A few days ago, I received a cryptic message from an Australian reader (a countryman of Blackmagic, but apparently not a Blackmagic Design employee). It said: “Looks like Blackmagic have removed the Band-Aid. Latest software supports RGB 10bit on HDMI!”. I immediately downloaded the ReadMe for the latest update to Blackmagic’s Desktop Video Software, which also automatically updates firmware when appropriate. I had a couple of questions and contacted Blackmagic PR. Ahead are the critical details you need to know.
What’s a “Band-Aid” in this case?
As covered in many prior articles, a “Band-Aid” in this case is the requirement for a device called the HDLink Pro 3D DisplayPort from Blackmagic in order to fulfill the original DreamColor Monitor’s DreamColor Engine to work, since that Engine demands pure progressive (no interlaced or PsF video) and RGB only (no YUV). Although not required to function, it is still better to send RGB even to the new DreamColor Monitors if possible. That way (in the case of use with a project or timeline that is already RGB), less processing will take place, as long as the interface allows for pure RGB from the source on the project or timeline to HDMI.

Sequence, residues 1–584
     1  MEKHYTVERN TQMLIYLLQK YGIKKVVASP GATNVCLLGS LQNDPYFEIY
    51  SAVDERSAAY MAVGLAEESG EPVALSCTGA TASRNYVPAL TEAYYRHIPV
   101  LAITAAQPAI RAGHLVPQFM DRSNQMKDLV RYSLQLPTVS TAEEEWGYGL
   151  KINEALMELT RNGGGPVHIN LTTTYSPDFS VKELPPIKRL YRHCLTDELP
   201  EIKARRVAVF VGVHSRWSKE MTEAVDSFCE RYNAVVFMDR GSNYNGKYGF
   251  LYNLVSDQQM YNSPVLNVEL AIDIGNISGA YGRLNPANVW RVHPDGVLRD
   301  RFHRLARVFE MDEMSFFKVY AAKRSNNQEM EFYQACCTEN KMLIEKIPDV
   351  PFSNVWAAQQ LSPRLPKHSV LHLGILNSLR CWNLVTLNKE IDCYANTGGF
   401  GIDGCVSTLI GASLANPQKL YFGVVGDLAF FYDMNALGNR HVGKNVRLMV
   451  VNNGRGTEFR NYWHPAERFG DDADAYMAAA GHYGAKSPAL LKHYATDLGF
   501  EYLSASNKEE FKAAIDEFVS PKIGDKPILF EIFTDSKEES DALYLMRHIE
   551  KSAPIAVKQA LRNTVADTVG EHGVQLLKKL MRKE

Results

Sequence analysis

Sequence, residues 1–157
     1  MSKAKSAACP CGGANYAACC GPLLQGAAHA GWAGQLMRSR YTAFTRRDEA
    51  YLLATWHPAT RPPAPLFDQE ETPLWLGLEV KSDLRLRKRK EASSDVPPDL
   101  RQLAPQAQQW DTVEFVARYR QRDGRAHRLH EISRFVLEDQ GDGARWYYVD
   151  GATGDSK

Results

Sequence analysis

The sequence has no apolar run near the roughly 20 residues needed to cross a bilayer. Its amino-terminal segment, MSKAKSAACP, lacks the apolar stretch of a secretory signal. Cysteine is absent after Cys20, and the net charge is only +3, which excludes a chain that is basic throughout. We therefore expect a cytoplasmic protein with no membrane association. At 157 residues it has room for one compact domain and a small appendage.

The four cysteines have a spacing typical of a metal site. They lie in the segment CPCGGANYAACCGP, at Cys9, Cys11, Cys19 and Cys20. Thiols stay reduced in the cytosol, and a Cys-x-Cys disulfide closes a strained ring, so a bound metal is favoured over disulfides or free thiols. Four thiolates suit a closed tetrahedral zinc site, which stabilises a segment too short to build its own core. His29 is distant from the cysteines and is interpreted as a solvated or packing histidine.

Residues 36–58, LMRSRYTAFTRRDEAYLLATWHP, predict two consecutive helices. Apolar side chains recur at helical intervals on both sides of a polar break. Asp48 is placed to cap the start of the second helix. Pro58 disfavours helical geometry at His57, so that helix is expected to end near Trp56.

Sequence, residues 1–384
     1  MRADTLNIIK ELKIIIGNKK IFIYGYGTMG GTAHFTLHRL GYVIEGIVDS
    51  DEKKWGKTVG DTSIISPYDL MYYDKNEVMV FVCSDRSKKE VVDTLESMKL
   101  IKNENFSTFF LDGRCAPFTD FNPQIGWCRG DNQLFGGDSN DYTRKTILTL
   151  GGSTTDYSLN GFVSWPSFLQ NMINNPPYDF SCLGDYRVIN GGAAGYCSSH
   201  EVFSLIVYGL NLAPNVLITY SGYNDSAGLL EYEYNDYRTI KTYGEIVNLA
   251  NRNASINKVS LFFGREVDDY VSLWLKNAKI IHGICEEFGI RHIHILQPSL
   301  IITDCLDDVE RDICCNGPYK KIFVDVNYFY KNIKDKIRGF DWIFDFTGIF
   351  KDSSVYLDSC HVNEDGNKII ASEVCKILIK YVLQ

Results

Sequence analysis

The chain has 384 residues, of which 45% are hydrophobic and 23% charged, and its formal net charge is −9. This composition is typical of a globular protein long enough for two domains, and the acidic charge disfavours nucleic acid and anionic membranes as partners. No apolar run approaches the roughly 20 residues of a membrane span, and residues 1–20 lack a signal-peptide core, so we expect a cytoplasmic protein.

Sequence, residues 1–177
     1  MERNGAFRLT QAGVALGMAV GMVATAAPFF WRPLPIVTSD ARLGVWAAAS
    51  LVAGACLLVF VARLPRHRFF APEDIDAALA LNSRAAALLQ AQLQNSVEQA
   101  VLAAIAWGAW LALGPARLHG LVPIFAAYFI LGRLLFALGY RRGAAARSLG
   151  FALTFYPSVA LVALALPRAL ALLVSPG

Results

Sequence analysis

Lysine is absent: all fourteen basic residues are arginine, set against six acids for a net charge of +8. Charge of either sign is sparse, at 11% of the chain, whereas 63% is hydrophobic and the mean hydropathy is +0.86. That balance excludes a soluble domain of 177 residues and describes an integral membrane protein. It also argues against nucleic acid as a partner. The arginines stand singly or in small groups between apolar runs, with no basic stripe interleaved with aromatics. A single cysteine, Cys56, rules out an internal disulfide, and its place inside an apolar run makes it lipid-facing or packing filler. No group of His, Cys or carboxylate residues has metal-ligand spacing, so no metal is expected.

Background of the issue, from prior articles
- Blackmagic: Over 200 people have asked you to remove the Band-Aid!
- Why should I care if my monitor shows ITU Rec.709?
- Who is the ITU, and why should I care?
- How to connect your HD evaluation monitor to your editing system properly: Let me count the ways!
- Review: DreamColor from HP: an ideal tool for critical image evaluation
- DreamColor direct interfaces